I declined the tacos. This was my husband’s first clue a storm was a’brewing in his wife’s brain. There was nowhere for him to flee. He was trapped in the drive-through and said wife’s head rested dramatically against the window. He couldn’t see the tears, but he knew they were flowing from the obvious shake and shudder of her defeated shoulders.
Sound familiar? Those moments of temporary insanity we experience as moms cross all borders of country, race, and religion.
MGB is the technical term for such a phenomenon: “Mama Gone ByeBye!” (It is imperative you pronounce this with a Southern accent. Trust me.) It occurs when just the right combination of stress or agitation reaches peak level, and one occurrence then pushes the victim (yes, victim) right over the freaking edge. MGB can originate from about as many different scenarios as there are obstacles a mom faces any given day. The usual suspects might include lack of sleep, colic, potty training, two year olds, picky eaters, all things “Frozen,” and mornings that begin before 7:00 a.m. The frustrations encountered could be something more serious like financial worries, a sick child, or marital struggles. Moms are a tough breed, but our brains begin to tweak just a bit when we encounter a little too much of any one aforementioned item. Finally, an outside irritant, typically an unsuspecting person, pulls the pin from our grenade. Kerosene is thrown on the fire. The bull is freed from the pen. The victim has taken as much as she can possibly handle, and she lashes out. MGB varies from mom to mom, as all women are gloriously different. Some merely cry; some scream profanities in their car; all reactions are relatively terrifying for those in close proximity to the victim.
Studies have shown husbands are most likely to step into the wake of an MGB attack. Rewind to the set-up for my own personal moment of crazy. Post-Christmas, my husband was notified that his company was shutting down. No company equals no job. It is safe to assume a lack of income counts as a source of stress for a mom. A big one. In addition to this startling information, my children were experiencing a bit of Christmas hangover. They had been over-sugared and under-disciplined. School was back in session and dinner-time was full of tears, sass, and mayhem night after night. My brain was effectively shutting down from worry and whine. I kept a smile plastered to my face in public, but hysteria hovered just below the surface. It wasn’t long before “Mama Gone ByeBye” was unleashed in all its fury.
While attending church a few days later, I was greeted by friends I hadn’t seen over the holidays. Over and over, I was asked, “How was your Christmas?” much to my dismay. Each time the question was asked, my smile grew tighter and my voice rose an octave. (These are classic symptoms that can successfully predict an impending MGB attack.) “Oh Christmas was awesome. Just awesome. Thanks!” We currently have no source of income. How was your Christmas? How are the folks? Somewhere birds were flying into glass doors and dogs growled quietly at the approaching storm.
As I retrieved my children from their respective classes, one teacher casually mentioned, “This one was a little wound-up today.” Tick . . . tick . . . BOOM. The pin had been pulled. Danger! Danger! Through gritted teeth, I reminded the teacher of the cold weather that had prevented my children from playing outside and exhausting their energy levels. The following events occurred as an out-of-body experience. I saw myself weeping in the car and dissecting the words “wound-up.” I watched as I refused tacos for lunch and then demanded my husband find his civic conscious and get more involved with our area’s youth. (What?! Exactly. There are no rules and hardly any logic when MGB kicks in.) I shook my head sadly as MGB-me stormed off to my bedroom and shot an angry text to the director about how incredibly hurtful the phrase “wound-up” could be to a parent. More tearful shouting at my husband, followed so quickly by apologies that he suffered whiplash. The episode was brought to an end by a disturbing number of cookies eaten and finally passing out for an afternoon nap.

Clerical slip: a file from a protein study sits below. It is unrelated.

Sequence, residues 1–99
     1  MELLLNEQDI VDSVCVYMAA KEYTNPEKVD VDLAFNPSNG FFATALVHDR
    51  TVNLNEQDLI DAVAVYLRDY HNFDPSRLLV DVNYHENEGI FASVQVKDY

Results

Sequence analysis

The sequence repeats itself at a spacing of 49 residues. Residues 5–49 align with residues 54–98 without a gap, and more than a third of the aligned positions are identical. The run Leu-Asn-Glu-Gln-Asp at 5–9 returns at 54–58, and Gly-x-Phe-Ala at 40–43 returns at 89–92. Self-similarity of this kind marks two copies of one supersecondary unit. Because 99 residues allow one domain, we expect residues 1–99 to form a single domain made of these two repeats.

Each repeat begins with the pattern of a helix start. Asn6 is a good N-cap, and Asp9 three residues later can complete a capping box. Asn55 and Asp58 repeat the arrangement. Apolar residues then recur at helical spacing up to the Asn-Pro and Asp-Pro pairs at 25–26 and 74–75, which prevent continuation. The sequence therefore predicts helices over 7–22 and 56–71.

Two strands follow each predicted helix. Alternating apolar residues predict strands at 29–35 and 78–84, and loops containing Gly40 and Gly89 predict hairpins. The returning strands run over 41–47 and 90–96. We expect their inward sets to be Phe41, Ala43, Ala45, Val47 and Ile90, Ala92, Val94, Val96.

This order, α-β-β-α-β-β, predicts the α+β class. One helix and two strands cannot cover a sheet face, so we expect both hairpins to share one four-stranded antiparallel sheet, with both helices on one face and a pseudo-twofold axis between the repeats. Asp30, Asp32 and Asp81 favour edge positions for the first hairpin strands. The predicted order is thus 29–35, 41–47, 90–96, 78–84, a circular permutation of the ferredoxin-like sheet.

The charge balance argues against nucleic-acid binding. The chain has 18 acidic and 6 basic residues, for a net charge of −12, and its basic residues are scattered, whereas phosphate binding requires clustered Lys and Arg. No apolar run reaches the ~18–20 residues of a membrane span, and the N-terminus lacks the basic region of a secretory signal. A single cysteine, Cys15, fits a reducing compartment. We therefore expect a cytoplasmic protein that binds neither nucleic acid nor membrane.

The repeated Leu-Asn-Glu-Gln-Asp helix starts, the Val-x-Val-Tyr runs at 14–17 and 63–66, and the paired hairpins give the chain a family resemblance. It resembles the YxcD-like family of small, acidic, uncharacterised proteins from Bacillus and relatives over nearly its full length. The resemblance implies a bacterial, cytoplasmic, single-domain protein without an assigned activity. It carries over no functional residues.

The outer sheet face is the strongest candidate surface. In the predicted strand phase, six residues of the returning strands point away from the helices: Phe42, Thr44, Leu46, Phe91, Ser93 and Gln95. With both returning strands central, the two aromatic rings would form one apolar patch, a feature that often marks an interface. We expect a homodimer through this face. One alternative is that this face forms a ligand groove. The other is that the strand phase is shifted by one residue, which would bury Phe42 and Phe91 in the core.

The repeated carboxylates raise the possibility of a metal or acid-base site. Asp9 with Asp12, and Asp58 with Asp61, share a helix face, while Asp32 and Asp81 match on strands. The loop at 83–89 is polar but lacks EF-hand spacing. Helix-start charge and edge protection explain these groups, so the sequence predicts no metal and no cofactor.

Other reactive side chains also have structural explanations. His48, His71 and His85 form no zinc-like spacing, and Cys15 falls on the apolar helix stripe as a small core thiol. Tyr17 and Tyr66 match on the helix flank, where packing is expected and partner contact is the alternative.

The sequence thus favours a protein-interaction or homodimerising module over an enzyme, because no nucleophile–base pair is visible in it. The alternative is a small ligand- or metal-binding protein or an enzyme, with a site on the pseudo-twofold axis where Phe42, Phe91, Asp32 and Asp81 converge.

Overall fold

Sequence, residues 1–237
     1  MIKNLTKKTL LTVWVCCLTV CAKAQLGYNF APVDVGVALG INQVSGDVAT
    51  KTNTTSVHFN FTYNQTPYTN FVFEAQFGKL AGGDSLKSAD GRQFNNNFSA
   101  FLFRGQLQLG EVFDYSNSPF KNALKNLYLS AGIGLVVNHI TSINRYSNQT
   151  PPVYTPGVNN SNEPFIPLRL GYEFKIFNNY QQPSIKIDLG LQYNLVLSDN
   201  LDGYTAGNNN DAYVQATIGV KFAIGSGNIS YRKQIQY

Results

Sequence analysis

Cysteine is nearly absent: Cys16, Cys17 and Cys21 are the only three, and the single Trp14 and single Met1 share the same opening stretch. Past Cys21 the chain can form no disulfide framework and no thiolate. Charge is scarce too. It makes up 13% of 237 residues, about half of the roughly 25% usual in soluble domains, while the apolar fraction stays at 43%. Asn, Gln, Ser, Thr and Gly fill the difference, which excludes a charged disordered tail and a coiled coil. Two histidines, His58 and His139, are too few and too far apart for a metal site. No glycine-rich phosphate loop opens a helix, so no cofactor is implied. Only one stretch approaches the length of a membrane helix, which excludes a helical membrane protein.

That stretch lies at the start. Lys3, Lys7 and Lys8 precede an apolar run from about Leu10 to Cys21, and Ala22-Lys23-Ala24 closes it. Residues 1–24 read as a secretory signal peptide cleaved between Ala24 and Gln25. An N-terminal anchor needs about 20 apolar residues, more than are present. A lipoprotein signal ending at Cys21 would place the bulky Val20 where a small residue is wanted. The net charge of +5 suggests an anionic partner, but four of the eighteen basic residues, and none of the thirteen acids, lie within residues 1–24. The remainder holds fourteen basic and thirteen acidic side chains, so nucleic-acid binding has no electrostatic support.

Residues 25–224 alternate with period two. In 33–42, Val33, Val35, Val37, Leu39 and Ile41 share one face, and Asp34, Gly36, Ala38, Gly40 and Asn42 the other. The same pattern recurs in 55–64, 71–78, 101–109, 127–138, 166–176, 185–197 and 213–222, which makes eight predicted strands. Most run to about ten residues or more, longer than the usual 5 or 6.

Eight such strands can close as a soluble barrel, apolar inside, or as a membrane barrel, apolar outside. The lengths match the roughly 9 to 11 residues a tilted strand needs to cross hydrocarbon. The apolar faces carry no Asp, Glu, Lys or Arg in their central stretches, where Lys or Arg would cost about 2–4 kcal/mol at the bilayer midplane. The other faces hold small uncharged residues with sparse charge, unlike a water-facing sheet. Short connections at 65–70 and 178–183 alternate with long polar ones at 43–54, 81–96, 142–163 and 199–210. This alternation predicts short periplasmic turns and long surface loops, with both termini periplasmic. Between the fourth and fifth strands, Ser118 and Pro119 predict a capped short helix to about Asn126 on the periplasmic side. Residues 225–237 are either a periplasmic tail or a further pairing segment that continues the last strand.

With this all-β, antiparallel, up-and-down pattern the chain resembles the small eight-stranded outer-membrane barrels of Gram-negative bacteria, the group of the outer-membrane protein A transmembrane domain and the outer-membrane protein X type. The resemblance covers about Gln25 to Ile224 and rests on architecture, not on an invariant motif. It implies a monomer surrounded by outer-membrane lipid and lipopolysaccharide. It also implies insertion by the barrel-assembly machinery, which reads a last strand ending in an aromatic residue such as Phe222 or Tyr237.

The days following my historic “Mamma Gone ByeBye” event set my mind back into right thinking. I repented to my husband and assured him the youth of America didn’t need his immediate attention. I sent a follow-up text to the director. Please forgive me and disregard what you previously read from me. Wipe it from your memory. I’ve been a little . . . edgy . . . lately. Lots on my mind. Please don’t say anything to my kid’s teacher. Actually, give her a certificate for honorable service to the children. Let’s have a reception to celebrate her hard work and accomplishments. It’s all about the children, amIright?
There are plenty of studies that prove exercises in deep breathing, meditation, or counting to be an effective method for handling mounting stress. Some researchers suggest walks or spending time with animals. While these activities can provide momentary relief, a true MGB episode can and, unfortunately, will be experienced by a mother in her parenting years. Little can be done to prevent an episode when the right factors have been put into place. Scientifically speaking, the mother’s brain is wired to snap. Count on it.
What can you do when you find yourself on the other side of MGB and wonder exactly how much crazy you’ve spewed on the world? The experts tell us the best medicine is laughter. Share your embarrassment with a trusted friend. The best results are found when the friend is a fellow mother and can totally get behind that particular level of cuckoo. Another mother, especially one who has experienced an MGB attack, will not judge.
Studies show the greatest road to healing lies in the words, “Me, too, girl. Let me tell you my story.”